The bombing's already started, at 2:40 in the afternoon, and it's not even dark yet. It will get much, much worse later on. My first year here, I was watching a video I'd rented and at midnight it got so loud I couldn't hear the soundtrack for the bombing. It made me wonder how the little old ladies in my building felt, since some of them had undoubtedly been here in the last days of the War, when the house-to-house fighting of the Russians must have sounded like this. Given that this invasion was combined with an epidemic of rape which continued for some time, this must have brought back horrid memories for some. Tomorrow, the sidewalks will be an inch deep in fireworks tatters: I'll try to get out and photograph them, although, with the rain that's already started, they'll look a lot like dog-turds by then. (Although maybe it won't be so bad this year: someone told me yesterday that given the dire economic circumstances here sales seem to be way down.)

There'll also be evidence of advanced idiocy on the part of people who've finished a bottle of champagne (actually a pallid German imitation of it called Sekt, a name which originated at one of Berlin's oldest restaurants, Lutter & Wegner, which I have to admit is a pretty damn good place, although their Sekt is nothing to write home about) and then tossed in some fireworks. As oenophiles reading this know, champagne (and, yes, Sekt) matures in the bottle, and, since it fizzes, produces gas which produces pressure. Thus, the bottles are a good deal thicker than regular wine bottles, so the shards are a lot more dangerous. Torstr., a few yards from my house, is the major driveway to Charité Hospital, and all night long, the sounds of bombs will be mixed with the sirens of ambulances ferrying patients to Charité. I would think this is a once-a-year opportunity for microsurgeons to practice their finger-attaching skills.

So what will I be doing tonight if I won't be eating grease, melting lead, or blowing myself up?

I'll be continuing an old tradition my pal Bob Merlis came up with. Bob used to be VP in charge of publicity (okay, "Artist Relations") at Warner Bros. Records in L.A. (okay, Burbank), and his job was to throw press parties, show up at showcases for Warners artists, and so on. He was at a gig several times a week most weeks. Since he was one of the few people in the company who actually listened to music and saw shows (ie, he wasn't a lawyer or an accountant, like most of his co-workers), some of the others looked up to him as a hip savant (which, sure, he is, but much hipper than they were giving him credit for). New Year's would come along, and they'd ask him "Hey, Bob, what are you doing tonight?" expecting to be given the secret location of the hippest gig in L.A.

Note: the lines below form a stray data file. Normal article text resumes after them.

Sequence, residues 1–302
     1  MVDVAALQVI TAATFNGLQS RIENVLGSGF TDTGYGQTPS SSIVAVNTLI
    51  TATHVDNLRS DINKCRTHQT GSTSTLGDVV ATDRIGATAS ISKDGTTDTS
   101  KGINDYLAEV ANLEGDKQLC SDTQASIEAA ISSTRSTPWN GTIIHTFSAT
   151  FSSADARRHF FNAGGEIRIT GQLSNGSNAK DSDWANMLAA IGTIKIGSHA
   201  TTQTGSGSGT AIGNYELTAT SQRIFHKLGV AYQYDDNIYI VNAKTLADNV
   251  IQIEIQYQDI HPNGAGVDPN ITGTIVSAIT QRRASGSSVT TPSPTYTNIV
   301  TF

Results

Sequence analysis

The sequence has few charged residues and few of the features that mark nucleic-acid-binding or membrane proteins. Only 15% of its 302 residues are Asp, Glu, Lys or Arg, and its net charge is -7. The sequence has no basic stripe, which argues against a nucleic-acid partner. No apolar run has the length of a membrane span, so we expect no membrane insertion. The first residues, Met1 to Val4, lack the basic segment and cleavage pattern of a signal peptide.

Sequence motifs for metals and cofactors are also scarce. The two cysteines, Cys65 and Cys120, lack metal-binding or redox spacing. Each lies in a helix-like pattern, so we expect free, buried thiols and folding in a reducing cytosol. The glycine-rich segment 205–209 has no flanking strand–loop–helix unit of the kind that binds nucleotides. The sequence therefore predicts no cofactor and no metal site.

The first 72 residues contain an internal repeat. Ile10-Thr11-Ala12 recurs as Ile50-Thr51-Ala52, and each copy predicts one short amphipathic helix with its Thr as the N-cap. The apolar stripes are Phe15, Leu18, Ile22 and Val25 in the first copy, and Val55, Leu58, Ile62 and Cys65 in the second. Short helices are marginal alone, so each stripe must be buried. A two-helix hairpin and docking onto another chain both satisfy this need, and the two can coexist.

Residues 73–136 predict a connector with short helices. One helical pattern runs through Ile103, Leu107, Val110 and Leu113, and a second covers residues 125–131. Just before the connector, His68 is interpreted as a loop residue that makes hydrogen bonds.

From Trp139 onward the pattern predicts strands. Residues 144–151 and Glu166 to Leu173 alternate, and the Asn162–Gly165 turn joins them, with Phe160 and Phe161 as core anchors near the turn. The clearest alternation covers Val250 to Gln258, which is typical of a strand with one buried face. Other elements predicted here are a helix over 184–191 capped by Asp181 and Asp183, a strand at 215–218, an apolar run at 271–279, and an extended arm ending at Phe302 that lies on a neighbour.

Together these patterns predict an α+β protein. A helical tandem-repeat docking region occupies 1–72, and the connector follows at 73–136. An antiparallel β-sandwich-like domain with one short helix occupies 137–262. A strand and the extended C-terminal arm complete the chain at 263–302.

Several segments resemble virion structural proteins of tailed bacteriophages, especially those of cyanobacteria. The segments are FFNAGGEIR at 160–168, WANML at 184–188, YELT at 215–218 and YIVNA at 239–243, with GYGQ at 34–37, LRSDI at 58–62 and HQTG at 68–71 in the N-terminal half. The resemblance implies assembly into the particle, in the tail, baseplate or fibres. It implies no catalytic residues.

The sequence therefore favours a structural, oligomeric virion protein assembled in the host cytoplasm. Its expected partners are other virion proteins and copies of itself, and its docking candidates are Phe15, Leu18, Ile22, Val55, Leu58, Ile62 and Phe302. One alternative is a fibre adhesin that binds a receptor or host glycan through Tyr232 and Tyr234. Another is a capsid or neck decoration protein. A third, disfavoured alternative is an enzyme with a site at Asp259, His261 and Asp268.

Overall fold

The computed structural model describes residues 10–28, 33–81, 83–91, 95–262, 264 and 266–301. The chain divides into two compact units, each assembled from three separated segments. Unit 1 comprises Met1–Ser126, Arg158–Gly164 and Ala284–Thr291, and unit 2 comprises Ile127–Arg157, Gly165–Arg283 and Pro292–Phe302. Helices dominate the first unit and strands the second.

"I'm staying home and listening to music by dead people," he'd say. When they finished registering shock, he'd explain. "Dead people have more great musicians than living people, and no way I'm going to get to see them as part of my job. Dead people include Duke Ellington, and Bach, and Buddy Holly. They're not playing the Roxy or the Troubador anytime soon. I hope." As with much from the oracular Mr. Merlis, I took this to heart. I've had wonderful evenings with Jimi Hendrix and Eric Dolphy, Duke Ellington and Charles Mingus and Bill Evans and other people of the non-living persuasion.

Tonight's, though, is going to be a bit different. This year saw the passing of one of the most influential music personalities who never picked up an instrument, John Peel of the BBC. Few Americans ever got to feel his full impact, but in Britain, and wherever the BBC World Service reached -- and here in Berlin, where he did a show especially for the divided city, knowing it would be heard across the Wall -- his espousal of unfamiliar, difficult, and obscure music, which often became more familiar, easier to listen to, and popular as a result, was unparallelled by any other disc jockey. He had a list of 50 songs called John Peel's Festive Fifty, which he broadcast each year, and he eventually made a master Festive Fifty compiled from each of the annual ones. Someone I know posted the recordings from the master list briefly as a tribute to Peel, and I downloaded them and burned them to three CDs, so tonight I will raise a glass of something to the great John Peel, and listen to them all in sequence from Joy Division's "Atmosphere" to Pavement's "Here."